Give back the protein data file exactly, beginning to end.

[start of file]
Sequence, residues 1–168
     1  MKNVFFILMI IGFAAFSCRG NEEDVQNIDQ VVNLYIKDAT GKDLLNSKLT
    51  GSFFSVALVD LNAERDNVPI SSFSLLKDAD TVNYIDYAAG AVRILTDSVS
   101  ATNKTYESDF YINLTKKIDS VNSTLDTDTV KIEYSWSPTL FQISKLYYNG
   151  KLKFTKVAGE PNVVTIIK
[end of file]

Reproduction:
Sequence, residues 1–168
     1  MKNVFFILMI IGFAAFSCRG NEEDVQNIDQ VVNLYIKDAT GKDLLNSKLT
    51  GSFFSVALVD LNAERDNVPI SSFSLLKDAD TVNYIDYAAG AVRILTDSVS
   101  ATNKTYESDF YINLTKKIDS VNSTLDTDTV KIEYSWSPTL FQISKLYYNG
   151  KLKFTKVAGE PNVVTIIK